Air Transport World

Fairchild Aircraft sees positive results with diversification; but company returns to black ink on Metro III wings; plans product improvements.

Fairchild Aircraft sees positive results with diversification San Antonio--The rollout of the first corporate Saab SF-340 in late November held little significance for the commuter airline industry. But for Fairchild Aircraft Corp., which sells and finishes corporate SF-340s in North America, delivery represented successful diversification efforts designed to strengthen the company.

Last year new orders for more than 60 Metro IIIs and its cargo variant, the Expediter, breathed new life into FAC and helped it turn its first profit since 1981.

Successful sales of the corporate Saab SF-340 bolstered company diversity sought by FAC President Tom Smith. And operating companies which strengthened FAC's diversification included Sat-Air, a fleet operating company, and GenAero, an aircraft completion center.

Also FAC received Federal Aviation Administration certification of its Pratt & Whitney-powered Metro IIIA in October. Although FAC held no orders for the IIIA, one company executive said its development achieved desired results: nudging Garrett to improve support for its TPE331 engines which power all other Metros and the corporate Merlins. FAC officials now label Garrett's support "excellent."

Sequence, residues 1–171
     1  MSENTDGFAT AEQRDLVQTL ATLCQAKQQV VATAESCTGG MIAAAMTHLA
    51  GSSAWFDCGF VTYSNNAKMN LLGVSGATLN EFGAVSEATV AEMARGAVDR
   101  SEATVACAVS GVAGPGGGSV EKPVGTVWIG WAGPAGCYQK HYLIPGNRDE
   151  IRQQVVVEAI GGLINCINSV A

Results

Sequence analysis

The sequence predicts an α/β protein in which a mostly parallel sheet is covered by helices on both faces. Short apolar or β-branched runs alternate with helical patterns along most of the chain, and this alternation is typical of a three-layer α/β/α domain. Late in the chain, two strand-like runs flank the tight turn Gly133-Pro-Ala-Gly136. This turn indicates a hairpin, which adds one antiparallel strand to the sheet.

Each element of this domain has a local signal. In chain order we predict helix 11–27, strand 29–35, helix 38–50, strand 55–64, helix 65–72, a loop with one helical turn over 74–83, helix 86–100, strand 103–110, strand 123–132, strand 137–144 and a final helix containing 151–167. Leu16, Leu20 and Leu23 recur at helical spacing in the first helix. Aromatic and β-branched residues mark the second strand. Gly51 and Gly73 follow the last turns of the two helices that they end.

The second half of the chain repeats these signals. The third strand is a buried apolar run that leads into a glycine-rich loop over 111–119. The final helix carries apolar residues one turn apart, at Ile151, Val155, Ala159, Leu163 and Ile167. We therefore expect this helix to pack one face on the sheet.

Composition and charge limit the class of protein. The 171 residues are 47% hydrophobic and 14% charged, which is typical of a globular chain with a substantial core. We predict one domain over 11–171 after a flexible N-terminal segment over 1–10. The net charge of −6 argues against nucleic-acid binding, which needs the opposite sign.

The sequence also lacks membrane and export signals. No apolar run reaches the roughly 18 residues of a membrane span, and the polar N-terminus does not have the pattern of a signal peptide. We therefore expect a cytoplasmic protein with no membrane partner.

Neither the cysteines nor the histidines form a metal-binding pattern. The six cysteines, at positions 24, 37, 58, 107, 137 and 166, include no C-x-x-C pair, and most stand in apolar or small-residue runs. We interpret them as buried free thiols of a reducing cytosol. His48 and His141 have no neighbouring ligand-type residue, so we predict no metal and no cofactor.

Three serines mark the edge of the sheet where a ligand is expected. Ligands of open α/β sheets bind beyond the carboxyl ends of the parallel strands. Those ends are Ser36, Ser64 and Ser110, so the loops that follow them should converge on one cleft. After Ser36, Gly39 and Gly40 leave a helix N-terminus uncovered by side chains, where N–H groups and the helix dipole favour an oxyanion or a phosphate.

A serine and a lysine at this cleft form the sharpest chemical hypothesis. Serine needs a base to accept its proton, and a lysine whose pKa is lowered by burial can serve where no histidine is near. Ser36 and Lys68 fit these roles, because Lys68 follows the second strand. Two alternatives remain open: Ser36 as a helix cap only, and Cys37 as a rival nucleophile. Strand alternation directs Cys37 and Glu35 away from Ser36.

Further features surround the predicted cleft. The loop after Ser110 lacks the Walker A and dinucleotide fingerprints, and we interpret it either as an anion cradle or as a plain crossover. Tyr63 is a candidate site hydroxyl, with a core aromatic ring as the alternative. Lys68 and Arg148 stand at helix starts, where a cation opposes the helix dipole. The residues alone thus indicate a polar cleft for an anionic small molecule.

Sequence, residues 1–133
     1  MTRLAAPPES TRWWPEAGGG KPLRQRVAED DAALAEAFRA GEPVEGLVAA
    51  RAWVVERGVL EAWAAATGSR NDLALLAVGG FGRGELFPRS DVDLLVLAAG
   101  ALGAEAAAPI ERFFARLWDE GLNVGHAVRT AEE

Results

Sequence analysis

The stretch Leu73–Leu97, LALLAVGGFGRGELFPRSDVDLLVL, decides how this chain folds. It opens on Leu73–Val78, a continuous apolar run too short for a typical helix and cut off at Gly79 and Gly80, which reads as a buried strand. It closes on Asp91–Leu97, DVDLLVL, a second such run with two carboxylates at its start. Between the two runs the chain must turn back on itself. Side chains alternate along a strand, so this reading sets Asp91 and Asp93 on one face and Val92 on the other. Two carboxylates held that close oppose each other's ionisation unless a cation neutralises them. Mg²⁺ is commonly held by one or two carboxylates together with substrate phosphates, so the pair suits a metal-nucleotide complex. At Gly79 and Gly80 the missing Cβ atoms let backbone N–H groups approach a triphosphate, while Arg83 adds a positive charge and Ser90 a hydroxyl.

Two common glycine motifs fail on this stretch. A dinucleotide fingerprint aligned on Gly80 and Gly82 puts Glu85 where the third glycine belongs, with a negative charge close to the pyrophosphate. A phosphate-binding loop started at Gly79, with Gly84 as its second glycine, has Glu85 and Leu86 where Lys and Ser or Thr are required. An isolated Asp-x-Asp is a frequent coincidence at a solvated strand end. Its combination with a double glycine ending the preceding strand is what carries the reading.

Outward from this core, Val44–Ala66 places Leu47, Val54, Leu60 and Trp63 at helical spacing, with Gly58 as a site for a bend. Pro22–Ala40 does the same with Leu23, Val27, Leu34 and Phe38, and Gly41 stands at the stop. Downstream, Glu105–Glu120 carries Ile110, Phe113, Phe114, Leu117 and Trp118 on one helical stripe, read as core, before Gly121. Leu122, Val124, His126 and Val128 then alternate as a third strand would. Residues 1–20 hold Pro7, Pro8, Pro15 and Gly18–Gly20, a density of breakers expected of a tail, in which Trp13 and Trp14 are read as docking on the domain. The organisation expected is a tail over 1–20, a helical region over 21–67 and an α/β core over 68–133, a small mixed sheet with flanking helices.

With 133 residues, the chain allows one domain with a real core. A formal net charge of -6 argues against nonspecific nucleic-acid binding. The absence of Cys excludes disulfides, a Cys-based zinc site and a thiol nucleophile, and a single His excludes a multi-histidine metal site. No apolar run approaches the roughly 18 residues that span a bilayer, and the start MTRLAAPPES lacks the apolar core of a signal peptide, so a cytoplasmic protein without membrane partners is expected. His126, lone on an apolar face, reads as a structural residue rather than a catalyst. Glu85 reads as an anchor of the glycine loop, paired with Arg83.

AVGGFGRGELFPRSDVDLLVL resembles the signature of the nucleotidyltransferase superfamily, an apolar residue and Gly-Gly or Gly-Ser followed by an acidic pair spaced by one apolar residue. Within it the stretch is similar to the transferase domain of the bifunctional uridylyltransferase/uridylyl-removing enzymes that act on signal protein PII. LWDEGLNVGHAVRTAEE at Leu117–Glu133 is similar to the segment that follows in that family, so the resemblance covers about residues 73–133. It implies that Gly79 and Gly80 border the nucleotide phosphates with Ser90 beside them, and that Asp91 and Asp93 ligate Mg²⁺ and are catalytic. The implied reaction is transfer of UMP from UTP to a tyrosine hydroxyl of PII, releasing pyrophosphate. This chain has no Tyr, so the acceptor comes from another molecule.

All this spells good news for FAC and Smith, who joined the company in mid-1984 with the expressed task of raising efficiency, lowering costs and returning the company to profitability. "So far, we've managed to get to where we wanted to go," Smith told ATW.

The strength of FAC's 1985 sales and Smith's diversification plans combined to prompt Fairchild Industries, FAC's corporate parent, to rethink plans to sell the San Antonio manufacturer. "Fairchild Aircraft isn't for sale," Smith confidently said. "We haven't entertained any tire kickers, much less offers to buy Fairchild Aircraft. …

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